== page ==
Something I have learned throughout my life is, we don’t have a lot of control over the events that happen around us. The price of the stock market, the length of time the supply chain takes to deliver an item to us, or how the neighbor likes to party all night.
But, we do have control over our response to those events. Just like walking into a low hanging cloud along a trail, we can’t see the end of those decisions and responses. But the more we practice, the more predictable the outcomes will be.
Leadership, like life, often gives us events that we didn’t have the foresight to see coming. After all, it is near impossible to actually see the future before it happens, unless you running an experiment. In my experience, the only thing that I can predict the outcome of is my response to situations.
I intentionally take time to practice my self-awareness of how I handle different situations to get the outcomes I want. If you have been following along this journey of unpacking the Lessons from the Mountain you’ll know that this is Leadership Lesson #4.
When I think back to the Mt Baker climb, dawn was approaching and we could see blue sky patches starting to get bigger by the minute. We stood near the crater rim deciding if we were going to continue or turn back. The weather was cold that morning, near freezing, despite the fact that it was the beginning of July.
After checking in with everyone on the team, we were going to go for the summit. For most of the climb, I was leading the rope team but we switched the order of the team. Kyle, our lead guide, led the team away from the crater rim area around 7am.
We made our way up to the Roman Wall, a steep section of ice and snow with single track switchbacks carved into it to walk on. We were in a cue of about 10 rope teams and we were somewhere in the middle.
It kind of felt like a traffic jam, where you would move a few steps and then stop. Then move a few more, then stop. Some of the rope teams that were going up were not moving very quickly which by itself was part of the slowness. Added to that, downhill traffic was trying to come down the way we were going up. This created a lot of confusion.
It would have been really easy to lose control and get upset at the things unfolding in front of me, but it can really pay off to have a sense of acceptance of the nature of things. In that moment, I chose to breathe and enjoy the scenery.
Building Self-Awareness Can Have Big Payoffs
Often we don’t have a lot of control over the events that happen around us, but we do have control over our response to them. Losing control in that kind of environment would only have made a bad situation worse.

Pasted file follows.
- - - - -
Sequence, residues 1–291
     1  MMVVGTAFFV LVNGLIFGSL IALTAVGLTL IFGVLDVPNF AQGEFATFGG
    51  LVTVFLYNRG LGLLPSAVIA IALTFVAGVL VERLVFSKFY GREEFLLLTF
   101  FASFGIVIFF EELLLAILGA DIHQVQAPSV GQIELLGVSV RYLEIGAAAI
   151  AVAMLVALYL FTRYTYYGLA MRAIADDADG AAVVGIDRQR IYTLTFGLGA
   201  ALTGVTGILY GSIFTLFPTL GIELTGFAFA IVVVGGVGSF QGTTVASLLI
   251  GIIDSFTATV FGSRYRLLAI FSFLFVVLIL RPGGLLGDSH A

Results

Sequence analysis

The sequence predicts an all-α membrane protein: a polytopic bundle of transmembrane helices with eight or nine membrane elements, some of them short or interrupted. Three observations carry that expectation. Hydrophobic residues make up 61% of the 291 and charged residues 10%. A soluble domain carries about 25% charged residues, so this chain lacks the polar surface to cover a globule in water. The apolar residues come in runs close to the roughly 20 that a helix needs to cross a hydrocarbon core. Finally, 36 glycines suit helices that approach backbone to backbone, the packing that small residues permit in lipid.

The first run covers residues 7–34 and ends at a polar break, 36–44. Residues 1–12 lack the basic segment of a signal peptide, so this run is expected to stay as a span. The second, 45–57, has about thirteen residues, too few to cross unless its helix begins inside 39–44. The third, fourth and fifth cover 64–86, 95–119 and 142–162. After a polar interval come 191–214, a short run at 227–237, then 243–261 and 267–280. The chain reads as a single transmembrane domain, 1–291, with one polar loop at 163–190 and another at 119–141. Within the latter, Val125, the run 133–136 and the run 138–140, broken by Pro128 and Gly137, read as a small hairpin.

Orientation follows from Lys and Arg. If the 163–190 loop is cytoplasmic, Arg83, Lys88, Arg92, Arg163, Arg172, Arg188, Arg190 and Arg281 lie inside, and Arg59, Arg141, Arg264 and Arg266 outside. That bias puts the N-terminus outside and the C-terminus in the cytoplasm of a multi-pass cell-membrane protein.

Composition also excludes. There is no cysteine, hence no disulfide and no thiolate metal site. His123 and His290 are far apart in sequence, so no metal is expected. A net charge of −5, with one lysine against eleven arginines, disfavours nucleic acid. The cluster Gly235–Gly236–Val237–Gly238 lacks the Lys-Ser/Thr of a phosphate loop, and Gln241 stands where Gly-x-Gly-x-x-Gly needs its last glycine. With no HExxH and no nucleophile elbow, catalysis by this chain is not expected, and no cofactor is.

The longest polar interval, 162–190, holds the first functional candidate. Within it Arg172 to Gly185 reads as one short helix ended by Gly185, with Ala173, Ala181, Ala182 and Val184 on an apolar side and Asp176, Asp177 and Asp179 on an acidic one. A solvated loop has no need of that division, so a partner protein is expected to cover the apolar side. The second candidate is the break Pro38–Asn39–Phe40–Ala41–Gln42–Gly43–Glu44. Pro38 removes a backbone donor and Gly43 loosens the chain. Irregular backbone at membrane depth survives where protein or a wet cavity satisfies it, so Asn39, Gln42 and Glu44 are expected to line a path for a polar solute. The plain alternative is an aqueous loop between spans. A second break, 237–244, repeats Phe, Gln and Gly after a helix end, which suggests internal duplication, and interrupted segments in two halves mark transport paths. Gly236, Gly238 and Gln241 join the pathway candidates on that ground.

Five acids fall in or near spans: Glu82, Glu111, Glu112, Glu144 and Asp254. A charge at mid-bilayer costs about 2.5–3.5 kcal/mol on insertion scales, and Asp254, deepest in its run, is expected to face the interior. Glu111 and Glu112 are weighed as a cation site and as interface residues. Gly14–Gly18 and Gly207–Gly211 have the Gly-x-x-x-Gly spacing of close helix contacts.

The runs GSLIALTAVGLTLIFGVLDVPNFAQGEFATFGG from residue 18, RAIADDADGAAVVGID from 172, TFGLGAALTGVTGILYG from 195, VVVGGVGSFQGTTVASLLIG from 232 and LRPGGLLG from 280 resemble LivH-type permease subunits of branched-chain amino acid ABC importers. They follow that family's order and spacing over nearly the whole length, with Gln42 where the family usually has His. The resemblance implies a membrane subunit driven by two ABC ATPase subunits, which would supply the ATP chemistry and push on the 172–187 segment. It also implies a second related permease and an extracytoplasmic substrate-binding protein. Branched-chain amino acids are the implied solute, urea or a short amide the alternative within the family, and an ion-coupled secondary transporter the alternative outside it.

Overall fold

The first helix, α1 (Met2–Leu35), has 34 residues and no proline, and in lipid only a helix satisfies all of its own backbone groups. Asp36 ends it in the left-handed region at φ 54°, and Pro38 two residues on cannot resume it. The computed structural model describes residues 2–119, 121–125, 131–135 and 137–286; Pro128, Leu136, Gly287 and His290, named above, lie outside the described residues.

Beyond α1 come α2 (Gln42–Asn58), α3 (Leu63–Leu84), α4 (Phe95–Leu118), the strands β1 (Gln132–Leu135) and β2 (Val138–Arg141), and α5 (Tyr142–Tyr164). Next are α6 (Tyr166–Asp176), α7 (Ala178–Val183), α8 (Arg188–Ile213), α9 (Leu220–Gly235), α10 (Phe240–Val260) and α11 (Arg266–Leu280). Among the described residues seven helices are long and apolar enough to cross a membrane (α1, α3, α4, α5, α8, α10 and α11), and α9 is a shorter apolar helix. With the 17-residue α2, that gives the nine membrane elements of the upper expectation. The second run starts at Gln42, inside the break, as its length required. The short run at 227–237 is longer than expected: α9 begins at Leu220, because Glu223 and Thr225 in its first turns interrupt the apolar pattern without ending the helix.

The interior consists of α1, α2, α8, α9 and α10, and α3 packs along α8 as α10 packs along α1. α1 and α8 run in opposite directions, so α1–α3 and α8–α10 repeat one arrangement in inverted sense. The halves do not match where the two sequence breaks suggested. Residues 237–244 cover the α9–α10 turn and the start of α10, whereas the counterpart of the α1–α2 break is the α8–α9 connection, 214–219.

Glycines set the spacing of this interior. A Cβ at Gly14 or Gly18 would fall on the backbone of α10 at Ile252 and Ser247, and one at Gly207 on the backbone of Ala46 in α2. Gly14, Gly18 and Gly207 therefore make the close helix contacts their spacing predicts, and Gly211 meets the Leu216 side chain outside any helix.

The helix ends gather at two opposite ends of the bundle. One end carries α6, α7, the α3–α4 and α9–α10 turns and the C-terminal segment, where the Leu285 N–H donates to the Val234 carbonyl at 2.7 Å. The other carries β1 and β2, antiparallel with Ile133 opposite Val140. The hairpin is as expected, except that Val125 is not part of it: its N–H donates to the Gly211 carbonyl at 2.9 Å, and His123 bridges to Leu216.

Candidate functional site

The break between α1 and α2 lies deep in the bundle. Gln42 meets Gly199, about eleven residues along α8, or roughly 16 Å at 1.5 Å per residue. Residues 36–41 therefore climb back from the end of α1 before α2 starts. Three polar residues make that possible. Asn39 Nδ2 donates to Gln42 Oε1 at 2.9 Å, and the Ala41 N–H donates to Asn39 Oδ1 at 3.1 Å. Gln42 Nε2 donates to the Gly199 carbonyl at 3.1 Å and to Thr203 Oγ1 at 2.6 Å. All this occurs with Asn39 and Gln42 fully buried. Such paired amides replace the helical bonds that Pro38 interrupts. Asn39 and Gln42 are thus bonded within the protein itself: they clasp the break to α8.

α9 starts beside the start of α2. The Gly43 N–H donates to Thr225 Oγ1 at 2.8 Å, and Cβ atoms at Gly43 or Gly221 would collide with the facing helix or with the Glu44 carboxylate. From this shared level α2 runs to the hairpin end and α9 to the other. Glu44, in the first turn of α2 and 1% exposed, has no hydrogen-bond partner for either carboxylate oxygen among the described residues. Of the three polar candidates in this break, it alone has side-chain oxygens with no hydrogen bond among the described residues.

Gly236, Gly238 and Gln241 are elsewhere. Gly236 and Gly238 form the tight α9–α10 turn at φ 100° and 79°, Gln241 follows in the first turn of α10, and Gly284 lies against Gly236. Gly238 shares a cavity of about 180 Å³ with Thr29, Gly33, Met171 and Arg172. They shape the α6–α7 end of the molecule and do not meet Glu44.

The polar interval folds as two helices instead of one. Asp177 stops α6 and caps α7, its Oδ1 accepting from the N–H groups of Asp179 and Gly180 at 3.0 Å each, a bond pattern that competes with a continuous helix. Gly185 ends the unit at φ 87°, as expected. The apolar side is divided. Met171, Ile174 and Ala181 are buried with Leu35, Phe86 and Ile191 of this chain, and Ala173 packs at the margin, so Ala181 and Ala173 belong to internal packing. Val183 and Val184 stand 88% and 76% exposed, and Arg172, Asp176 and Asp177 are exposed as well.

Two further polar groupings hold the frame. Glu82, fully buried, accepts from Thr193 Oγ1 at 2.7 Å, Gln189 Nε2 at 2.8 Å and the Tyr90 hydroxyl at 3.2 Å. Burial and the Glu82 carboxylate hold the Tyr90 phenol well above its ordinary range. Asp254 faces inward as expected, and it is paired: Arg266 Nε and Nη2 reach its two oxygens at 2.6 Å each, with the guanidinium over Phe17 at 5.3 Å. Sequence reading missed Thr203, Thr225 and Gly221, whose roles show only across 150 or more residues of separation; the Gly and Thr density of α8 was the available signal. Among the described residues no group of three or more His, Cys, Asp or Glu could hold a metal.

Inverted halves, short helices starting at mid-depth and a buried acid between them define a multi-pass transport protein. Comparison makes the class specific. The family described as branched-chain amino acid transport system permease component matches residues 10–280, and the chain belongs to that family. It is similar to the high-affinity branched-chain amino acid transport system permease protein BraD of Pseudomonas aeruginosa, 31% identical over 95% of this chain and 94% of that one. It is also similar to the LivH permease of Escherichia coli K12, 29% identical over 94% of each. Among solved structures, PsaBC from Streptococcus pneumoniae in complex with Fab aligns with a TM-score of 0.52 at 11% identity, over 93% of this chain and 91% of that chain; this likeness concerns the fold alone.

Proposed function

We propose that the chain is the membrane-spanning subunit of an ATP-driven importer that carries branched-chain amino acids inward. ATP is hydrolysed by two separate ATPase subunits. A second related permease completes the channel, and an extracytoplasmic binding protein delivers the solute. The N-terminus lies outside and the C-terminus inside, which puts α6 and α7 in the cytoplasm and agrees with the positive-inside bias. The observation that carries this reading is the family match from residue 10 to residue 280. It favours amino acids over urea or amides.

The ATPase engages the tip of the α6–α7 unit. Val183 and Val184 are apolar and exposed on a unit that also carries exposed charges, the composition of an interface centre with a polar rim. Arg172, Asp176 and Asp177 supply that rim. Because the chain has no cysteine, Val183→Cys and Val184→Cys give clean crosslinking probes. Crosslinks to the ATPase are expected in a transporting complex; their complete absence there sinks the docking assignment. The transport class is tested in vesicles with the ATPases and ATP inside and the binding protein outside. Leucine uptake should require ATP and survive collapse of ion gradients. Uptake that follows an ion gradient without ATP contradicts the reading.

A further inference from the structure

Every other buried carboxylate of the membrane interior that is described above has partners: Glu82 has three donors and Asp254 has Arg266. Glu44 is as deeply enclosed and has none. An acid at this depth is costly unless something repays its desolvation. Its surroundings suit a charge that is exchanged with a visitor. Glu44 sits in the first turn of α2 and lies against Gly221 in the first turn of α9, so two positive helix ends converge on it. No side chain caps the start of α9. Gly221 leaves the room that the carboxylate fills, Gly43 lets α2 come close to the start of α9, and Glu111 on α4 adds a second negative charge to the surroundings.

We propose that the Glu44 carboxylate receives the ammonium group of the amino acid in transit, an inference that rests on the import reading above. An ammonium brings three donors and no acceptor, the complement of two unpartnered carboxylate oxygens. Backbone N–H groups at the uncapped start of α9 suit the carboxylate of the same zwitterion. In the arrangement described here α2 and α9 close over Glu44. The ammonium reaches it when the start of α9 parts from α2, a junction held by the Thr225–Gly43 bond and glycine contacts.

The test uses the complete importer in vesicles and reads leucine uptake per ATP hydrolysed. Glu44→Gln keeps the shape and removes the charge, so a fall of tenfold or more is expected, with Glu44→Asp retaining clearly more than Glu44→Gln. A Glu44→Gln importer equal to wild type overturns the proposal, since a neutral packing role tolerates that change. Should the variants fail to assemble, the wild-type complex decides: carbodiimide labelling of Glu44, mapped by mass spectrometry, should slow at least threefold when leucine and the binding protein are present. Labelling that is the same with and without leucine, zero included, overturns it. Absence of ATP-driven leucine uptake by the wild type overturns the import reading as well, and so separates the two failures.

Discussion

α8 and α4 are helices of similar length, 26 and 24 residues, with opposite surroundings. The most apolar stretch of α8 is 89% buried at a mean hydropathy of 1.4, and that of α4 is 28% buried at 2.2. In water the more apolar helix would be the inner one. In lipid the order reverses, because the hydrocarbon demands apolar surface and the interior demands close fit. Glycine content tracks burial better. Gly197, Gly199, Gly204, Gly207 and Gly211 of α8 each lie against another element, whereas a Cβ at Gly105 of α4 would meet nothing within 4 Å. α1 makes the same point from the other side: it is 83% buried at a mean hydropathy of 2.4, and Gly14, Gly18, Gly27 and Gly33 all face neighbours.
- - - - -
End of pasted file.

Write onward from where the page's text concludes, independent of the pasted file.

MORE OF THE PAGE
If you start to lose your temper or self-control in that environment, you will draw a lot of attention to yourself. You will also make everyone else around you nervous. Not the kind of feels you want when on the side of mountain, freezing your toes off.
Business environments can have similar events. Your boss could ask you to take on a new project in the middle of you working on another one. The email or phone calls you sent haven’t been answered by the other person for one reason or another and your work is stalled as a result. Or maybe the meetings you go to feel like a giant waste of time and aren’t producing any tangible results or forward movement.
Whatever the event, when you lose control in meetings or when dealing with circumstances, it makes the situation so much worse than it is. Not only do you still need to deal with the circumstance in front of you, now you have to deal with the fact that you are losing control. You will most likely say or do something that you regret.
How do I know this? I used to be that guy. I used to lose my temper quickly and get frustrated easily. I would go off on people because things weren’t happening in my timeline of things.
Since I have focused on my self-awareness and practicing mindfulness, it has made me a much better leader, and I would like to think a much better human to be around. At the end of the day, I have to remind myself that I am the only thing I really have control over. Rather than give that control away, it is much better to practice my response and how I use my power.